Groundwater comprises about 20 percent of the Bay Area Region’s water supply. Groundwater is most heavily used in the Santa Clara, Napa-Sonoma, Livermore, and Petaluma Valleys. At the same time, groundwater throughout the Region supports local water supplies.
Aquifer recharge is an important component of sustainable groundwater management. Typically, local agencies use percolation ponds, spreading basins, in-stream recharge, and injection wells to recharge aquifers.
Groundwater in the Region is generally of high quality, but faces numerous threats including, industrial spills, leaking underground storage tanks, improperly maintained septic systems, urban runoff, and inefficient agricultural operations. Degradation of groundwater quality primarily occurs from industrial chemicals and salt from seawater intrusion. Pollution from nutrients (i.e. nitrate) can be significant in localized areas particularly in areas where fertilizer and wastewater discharges predominate.
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Groundwater exists beneath the earth’s surface within the soil and rock pore spaces, fractures, and caverns. As part of the hydrologic cycle, groundwater generally flows with the topography, from high to low areas, and ultimately discharges into rivers, lakes, or the ocean. In this way, groundwater and surface water are essentially one resource. Groundwater and surface water interactions are controlled by their hydraulic communication. Groundwater basins are thick accumulations of soils and sediments that often occur in valleys or other areas between bedrock slopes or ridges. Aquifers are the more permeable soil and rock formations where groundwater yields are higher than surrounding areas. Groundwater for human use is most often tapped by wells installed within an aquifer, or by naturally-occurring springs.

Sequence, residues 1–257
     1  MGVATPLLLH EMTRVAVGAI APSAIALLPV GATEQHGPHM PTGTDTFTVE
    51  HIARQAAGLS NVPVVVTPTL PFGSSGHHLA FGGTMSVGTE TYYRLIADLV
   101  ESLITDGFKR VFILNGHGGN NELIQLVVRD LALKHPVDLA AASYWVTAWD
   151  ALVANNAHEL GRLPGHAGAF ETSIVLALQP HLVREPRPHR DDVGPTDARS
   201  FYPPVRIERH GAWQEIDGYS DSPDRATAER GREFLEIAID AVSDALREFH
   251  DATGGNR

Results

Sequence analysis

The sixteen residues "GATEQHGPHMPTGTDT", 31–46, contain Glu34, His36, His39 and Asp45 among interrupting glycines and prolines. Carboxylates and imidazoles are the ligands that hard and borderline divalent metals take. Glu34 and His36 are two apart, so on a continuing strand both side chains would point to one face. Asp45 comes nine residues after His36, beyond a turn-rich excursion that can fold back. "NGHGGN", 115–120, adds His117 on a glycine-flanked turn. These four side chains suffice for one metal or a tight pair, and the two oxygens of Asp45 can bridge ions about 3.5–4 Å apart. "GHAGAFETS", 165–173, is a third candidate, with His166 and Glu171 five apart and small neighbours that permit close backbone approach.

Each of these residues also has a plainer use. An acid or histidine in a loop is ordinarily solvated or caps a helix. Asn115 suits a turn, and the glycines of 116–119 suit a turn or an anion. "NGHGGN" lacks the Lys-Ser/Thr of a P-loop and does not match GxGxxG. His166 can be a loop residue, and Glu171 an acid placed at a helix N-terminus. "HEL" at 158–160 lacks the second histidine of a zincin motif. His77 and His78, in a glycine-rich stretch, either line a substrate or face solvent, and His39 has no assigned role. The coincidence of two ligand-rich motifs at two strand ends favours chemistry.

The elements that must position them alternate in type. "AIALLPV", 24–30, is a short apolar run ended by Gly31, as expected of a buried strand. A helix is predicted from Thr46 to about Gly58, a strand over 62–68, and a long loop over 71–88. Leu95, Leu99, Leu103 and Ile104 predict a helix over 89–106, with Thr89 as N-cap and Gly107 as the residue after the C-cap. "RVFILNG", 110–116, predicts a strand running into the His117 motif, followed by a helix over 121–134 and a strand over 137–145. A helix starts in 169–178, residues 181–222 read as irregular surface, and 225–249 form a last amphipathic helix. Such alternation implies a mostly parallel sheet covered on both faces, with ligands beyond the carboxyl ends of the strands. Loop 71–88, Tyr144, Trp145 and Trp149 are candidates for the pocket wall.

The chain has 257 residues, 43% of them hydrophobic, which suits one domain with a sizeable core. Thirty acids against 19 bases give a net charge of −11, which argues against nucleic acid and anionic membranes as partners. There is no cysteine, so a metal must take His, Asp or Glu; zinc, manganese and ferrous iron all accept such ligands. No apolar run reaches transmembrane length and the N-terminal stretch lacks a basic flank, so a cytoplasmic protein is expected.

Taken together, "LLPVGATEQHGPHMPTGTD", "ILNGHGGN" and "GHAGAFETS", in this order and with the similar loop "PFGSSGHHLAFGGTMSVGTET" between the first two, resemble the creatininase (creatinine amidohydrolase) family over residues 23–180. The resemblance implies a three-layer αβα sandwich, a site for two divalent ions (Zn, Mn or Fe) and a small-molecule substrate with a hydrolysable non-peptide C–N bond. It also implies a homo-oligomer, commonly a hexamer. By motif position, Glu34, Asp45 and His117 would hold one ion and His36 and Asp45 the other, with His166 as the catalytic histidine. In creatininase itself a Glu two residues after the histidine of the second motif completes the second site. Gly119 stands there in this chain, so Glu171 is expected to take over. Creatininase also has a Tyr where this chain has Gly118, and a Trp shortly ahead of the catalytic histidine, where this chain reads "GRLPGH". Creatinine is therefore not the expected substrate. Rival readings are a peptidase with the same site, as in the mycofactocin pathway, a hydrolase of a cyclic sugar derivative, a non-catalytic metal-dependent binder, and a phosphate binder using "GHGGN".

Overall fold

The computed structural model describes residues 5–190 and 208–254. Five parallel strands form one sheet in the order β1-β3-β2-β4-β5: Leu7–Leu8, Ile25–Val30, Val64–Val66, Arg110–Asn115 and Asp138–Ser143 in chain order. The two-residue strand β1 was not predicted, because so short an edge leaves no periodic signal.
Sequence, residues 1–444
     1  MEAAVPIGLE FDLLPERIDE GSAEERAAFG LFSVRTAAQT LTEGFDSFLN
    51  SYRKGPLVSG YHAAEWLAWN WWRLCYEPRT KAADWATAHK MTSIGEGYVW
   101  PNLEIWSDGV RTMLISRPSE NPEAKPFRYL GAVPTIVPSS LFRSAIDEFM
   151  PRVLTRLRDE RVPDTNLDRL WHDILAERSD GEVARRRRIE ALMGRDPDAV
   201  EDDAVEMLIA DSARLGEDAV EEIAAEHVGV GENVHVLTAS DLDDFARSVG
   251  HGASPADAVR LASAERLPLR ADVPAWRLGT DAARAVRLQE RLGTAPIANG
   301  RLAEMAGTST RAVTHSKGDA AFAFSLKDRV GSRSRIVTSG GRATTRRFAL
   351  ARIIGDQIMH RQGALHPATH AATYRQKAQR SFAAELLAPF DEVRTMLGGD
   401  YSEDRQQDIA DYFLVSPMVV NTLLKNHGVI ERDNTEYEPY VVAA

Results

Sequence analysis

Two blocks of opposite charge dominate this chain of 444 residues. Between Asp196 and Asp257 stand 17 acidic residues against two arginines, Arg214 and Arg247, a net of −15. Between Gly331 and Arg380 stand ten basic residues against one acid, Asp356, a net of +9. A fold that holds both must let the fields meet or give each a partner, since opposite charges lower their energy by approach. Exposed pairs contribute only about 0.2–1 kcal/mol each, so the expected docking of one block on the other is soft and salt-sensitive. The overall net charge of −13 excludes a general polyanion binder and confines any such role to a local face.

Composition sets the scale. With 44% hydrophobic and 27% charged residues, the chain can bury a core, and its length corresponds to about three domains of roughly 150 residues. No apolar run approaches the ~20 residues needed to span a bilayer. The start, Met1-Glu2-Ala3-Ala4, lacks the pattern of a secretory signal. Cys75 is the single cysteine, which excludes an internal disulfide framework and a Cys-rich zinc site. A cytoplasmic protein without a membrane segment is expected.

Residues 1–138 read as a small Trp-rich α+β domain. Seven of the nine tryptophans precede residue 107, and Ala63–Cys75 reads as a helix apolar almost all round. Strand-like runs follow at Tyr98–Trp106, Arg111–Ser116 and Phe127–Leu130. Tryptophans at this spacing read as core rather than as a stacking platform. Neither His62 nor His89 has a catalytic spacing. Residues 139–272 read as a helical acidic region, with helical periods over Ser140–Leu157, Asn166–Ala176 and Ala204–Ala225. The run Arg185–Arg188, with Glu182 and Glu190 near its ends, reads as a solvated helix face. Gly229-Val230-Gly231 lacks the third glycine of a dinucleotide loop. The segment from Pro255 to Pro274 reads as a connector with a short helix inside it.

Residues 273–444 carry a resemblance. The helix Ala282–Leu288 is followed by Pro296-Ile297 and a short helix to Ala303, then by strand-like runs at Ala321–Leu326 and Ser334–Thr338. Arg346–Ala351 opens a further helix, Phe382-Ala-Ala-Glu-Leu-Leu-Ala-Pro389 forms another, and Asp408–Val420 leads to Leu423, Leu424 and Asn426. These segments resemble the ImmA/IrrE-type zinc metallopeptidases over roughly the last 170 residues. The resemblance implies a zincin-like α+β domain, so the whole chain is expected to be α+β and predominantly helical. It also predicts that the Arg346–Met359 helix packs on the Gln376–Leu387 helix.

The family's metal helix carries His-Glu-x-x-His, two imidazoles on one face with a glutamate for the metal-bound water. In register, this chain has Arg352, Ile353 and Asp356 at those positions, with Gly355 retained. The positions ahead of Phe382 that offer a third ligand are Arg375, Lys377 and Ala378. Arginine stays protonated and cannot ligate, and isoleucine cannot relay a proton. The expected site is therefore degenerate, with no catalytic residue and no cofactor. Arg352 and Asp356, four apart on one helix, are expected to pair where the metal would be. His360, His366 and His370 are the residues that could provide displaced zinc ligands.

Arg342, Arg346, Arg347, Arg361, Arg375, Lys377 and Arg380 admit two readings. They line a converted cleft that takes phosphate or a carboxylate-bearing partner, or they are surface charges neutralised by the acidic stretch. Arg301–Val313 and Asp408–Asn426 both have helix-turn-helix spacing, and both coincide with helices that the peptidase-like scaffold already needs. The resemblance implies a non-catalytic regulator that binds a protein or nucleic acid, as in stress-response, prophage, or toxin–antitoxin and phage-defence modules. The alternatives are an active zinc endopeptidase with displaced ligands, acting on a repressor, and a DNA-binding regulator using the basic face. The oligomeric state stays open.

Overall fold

Groundwater basins are thick accumulations of soils and sediments that often occur in valleys or other areas between bedrock slopes or ridges. Aquifers are the more permeable soil and rock formations where groundwater yields are higher than surrounding areas. Groundwater for human use is most often tapped by wells installed within an aquifer, or by naturally-occurring springs. For more information visit the following links:
Figure Above: The Hydrologic Cycle
There are 35 groundwater basins in our region as identified in our Basin Plan and DWR’s Bulletin 118. Regional Water Board staff have compiled fact sheets for groundwater basins in the San Francisco Bay Region included in the link below, which summarize use, quality, recharge, and management.
For more information about groundwater basins in the San Francisco Bay Region, visit: DWR Bulletin 118 Basin Descriptions
Contact WB-RB2-SustainableGroundwater@waterboards.ca.gov for general inquiries about sustainable groundwater management in the Region.
Regulatory program areas related to groundwater protection:
|Site Cleanup||Wastewater Recycling/Reuse||Enforcement|
|Military Site Cleanup||Confined Animal Facilities||Cannabis|
|Underground Storage Tank||Landfills||Vineyards|
|Onsite Wastewater Treatment Systems||Mines Cleanup Program|
We engage across many topical areas to plan and coordinate implementation of our groundwater related programs:
|Groundwater Quality Funding||Water Quality Objectives|
|Site Cleanup Subaccount||Environmental Screening Levels|
|Beneficial Uses||Groundwater Management Planning|
|Basin Planning||Salt and Nutrient Management Plans (SNMPS)|
We use these tools to monitor and assess groundwater related information in support of our groundwater programs:
|Groundwater Ambient Monitoring and Assessment (GAMA)|
Have a program-specific question? Ask the program. Contact information is available on the program's website (accessible through the "Regulate", “Plan and Coordinate”, and “Monitor and Assess” tabs).